| Quote #4
It was called dub, a sensuous mosaic cooked from vast libraries of digitalized pop; it was worship, Molly said, and a sense of community. (8.32)
For the Zionists, their music expresses their freedom from the rest of the world because it's theirs. They made it, so it represents something special for them. The dub music plays an important role later in the story, so keep an eye, erm, ear out for it.
| Quote #5
Cyberspace, as the deck presented it, had no particular relationship with the deck's physical whereabouts. When Case jacked in, he opened his eyes to the familiar configuration of the Eastern Seaboard Fission Authority's Aztec pyramid of data. (8.48)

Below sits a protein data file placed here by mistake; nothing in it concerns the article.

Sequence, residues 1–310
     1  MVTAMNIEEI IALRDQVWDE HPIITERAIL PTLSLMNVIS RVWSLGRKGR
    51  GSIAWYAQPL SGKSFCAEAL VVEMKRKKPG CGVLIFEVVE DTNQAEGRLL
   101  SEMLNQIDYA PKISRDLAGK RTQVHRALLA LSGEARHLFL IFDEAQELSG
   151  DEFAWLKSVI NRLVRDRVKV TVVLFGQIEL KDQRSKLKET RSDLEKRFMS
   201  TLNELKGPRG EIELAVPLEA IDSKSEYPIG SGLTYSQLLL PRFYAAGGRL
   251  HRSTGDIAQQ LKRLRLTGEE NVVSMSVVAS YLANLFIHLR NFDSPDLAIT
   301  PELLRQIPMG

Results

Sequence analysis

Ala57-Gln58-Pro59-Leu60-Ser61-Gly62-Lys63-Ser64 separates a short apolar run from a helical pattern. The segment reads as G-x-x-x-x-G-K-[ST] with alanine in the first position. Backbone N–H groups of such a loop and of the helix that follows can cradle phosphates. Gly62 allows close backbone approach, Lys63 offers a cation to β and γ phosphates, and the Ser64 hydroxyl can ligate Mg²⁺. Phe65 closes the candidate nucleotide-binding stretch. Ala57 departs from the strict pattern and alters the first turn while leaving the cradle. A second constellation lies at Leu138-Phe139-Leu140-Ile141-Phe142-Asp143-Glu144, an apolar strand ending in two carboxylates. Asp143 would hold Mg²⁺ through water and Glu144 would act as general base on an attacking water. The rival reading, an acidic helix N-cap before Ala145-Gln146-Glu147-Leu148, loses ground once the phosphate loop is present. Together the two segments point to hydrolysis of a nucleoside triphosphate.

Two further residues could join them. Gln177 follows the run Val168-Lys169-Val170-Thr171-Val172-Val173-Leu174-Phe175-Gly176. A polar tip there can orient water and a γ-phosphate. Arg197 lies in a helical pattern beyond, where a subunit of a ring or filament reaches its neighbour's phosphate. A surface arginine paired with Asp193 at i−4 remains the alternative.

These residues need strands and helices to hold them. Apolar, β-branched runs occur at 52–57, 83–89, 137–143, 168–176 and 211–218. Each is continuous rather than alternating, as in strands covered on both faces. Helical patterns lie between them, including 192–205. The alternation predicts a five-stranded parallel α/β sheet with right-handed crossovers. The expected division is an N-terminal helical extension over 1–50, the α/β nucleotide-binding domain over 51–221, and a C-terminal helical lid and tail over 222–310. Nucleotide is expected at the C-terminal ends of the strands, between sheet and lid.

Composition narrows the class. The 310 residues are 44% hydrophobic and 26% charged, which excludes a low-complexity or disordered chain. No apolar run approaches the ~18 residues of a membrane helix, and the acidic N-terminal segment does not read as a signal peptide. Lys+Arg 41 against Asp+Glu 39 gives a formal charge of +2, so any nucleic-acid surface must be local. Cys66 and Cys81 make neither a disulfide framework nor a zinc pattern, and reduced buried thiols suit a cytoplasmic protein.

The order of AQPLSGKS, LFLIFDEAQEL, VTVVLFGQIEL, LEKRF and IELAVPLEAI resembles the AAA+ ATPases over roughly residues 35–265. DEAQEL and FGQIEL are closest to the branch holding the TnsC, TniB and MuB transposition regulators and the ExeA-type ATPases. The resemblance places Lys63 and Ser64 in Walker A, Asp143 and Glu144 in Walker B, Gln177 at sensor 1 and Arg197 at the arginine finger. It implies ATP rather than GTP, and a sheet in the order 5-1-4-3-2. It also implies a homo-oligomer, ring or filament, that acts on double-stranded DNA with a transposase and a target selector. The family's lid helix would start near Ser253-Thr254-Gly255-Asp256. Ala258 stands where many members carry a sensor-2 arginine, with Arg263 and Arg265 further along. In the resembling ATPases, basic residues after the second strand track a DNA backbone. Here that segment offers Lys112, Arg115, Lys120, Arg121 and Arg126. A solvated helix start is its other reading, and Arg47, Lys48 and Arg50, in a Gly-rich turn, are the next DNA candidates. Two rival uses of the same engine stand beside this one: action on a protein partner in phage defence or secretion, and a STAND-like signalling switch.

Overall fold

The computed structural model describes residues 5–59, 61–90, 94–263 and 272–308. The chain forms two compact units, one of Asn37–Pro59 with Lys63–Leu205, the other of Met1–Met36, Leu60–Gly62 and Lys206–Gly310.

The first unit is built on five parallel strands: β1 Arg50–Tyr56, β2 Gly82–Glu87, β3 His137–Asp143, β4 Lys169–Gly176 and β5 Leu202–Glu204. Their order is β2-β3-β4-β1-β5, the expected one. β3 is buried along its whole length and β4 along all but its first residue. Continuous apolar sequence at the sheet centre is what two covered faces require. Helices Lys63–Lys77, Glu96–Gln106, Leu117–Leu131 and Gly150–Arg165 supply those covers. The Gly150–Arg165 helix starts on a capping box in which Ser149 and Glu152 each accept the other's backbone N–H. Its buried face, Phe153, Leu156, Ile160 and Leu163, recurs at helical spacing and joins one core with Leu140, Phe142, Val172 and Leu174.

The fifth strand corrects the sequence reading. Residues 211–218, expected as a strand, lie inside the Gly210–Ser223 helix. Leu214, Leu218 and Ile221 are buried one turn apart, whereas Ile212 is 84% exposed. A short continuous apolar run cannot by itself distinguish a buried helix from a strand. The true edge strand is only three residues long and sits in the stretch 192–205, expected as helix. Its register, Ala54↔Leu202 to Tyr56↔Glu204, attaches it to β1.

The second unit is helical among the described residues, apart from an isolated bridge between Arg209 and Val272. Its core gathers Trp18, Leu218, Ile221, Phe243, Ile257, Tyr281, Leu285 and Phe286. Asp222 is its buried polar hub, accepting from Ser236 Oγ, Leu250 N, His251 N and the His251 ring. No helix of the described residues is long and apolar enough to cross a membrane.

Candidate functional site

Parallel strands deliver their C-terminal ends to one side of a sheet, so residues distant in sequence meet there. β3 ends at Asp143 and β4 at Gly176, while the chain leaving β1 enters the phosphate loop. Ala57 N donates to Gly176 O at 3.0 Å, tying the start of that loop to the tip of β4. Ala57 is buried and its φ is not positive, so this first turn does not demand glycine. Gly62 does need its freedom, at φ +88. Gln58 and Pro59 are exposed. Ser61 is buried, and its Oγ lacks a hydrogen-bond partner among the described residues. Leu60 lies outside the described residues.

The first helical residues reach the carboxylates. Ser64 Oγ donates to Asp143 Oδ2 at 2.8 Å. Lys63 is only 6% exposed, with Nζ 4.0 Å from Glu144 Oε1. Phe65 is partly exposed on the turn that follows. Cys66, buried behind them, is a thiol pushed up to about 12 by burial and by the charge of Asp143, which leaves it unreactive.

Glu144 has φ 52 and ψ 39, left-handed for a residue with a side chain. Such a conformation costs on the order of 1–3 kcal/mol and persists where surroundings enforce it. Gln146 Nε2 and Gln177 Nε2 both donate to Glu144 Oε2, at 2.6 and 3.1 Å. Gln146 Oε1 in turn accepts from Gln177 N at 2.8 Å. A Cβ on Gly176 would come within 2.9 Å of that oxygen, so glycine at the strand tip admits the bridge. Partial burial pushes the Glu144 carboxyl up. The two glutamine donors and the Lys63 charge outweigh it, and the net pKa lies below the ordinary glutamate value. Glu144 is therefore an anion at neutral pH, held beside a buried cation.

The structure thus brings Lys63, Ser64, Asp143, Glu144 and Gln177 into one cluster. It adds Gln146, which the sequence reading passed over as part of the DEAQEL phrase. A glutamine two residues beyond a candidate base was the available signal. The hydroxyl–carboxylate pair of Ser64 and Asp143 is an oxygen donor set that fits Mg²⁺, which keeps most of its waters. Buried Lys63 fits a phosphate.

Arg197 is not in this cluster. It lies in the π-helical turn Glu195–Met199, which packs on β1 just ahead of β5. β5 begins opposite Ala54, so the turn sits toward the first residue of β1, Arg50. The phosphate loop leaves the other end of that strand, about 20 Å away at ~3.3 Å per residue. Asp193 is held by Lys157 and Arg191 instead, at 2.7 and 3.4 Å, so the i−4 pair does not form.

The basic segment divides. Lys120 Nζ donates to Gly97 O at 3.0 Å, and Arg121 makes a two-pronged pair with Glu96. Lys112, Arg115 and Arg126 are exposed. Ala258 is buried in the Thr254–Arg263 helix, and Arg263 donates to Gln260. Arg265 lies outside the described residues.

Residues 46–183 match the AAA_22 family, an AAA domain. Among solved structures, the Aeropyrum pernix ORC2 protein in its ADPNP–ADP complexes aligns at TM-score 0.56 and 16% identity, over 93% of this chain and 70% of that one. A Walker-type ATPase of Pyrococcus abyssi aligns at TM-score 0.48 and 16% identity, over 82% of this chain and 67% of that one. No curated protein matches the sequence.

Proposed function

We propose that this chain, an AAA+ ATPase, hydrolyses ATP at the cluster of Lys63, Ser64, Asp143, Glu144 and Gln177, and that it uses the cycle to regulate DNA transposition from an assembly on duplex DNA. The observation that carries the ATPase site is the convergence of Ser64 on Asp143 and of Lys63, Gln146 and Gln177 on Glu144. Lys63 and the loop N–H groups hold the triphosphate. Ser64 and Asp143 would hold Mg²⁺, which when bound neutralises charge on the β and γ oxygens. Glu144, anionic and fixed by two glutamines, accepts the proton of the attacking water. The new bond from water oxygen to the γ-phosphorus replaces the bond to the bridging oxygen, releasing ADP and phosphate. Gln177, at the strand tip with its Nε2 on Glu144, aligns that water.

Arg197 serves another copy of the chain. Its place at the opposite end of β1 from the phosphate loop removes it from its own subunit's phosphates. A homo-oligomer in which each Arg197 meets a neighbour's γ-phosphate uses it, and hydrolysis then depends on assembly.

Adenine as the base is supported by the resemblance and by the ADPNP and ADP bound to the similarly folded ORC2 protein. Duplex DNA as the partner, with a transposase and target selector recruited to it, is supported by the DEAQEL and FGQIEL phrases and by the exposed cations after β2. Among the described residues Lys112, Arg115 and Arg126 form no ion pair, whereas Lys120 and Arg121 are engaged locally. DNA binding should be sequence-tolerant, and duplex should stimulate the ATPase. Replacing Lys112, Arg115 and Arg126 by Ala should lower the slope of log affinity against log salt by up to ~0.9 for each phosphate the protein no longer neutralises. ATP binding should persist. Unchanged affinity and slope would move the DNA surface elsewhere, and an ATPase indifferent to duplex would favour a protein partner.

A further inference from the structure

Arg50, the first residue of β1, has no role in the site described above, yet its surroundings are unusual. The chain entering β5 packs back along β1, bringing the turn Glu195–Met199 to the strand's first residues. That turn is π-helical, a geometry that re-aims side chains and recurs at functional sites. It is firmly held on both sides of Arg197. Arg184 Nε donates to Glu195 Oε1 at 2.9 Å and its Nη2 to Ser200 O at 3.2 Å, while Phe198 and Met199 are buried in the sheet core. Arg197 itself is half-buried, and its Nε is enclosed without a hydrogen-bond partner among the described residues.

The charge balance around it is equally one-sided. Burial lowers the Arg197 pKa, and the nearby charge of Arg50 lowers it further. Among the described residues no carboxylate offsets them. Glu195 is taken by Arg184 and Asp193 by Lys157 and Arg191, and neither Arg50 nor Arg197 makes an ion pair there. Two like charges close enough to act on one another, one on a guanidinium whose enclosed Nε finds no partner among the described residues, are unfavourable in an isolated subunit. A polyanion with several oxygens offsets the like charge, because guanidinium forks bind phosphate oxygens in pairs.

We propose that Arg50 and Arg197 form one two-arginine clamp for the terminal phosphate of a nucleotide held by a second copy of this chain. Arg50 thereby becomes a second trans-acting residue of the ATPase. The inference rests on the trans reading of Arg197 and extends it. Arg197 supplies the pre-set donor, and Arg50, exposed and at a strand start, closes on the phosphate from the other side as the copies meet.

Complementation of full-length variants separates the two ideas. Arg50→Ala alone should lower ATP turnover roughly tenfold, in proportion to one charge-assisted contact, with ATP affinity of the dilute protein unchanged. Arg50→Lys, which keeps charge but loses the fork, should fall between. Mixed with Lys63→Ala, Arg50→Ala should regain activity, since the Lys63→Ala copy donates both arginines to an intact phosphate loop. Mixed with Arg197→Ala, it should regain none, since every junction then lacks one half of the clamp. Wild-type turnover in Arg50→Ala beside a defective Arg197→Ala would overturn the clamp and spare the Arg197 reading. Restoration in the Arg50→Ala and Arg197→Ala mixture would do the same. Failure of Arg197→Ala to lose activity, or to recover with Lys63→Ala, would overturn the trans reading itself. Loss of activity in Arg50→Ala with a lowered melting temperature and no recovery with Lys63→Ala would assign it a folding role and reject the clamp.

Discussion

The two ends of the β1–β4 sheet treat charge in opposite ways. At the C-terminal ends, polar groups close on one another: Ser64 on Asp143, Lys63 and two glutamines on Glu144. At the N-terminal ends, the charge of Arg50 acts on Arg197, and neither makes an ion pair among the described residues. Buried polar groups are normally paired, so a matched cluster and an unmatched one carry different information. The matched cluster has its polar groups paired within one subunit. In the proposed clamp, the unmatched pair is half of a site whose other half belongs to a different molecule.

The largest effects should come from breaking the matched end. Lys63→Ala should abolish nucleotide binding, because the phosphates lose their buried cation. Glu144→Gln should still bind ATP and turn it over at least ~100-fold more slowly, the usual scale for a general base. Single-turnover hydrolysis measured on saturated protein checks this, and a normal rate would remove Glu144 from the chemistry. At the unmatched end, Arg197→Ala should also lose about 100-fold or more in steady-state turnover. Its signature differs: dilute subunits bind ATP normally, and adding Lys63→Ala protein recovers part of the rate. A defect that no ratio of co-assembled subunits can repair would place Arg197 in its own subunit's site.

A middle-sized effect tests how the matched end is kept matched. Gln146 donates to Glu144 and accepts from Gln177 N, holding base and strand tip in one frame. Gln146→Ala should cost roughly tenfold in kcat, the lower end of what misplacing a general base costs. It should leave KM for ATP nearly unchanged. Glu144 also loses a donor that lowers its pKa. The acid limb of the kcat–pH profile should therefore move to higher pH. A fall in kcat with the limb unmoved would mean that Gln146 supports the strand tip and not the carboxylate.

Case sees cyberspace as a way to go anywhere, do anything. Still, the world of cyberspace has rules. Case is just better at going around or usurping these rules that he is at doing so in the real world.
| Quote #6
"Wait a sec." Case said. "Are you sentient, or not?"
"Well, it feels like I am, kid, but I'm really just a bunch of ROM. It's one of them, ah, philosophical questions, I guess." (10.103-104)
The ROM construct grants the Dixie Flatline freedom from death, but he can't store memories or alter himself for the better. Just imagine, never dying but never changing either. Eesh. The world would feel like a never-ending rerun. The thought just gives you the heebie-jeebies, doesn't it?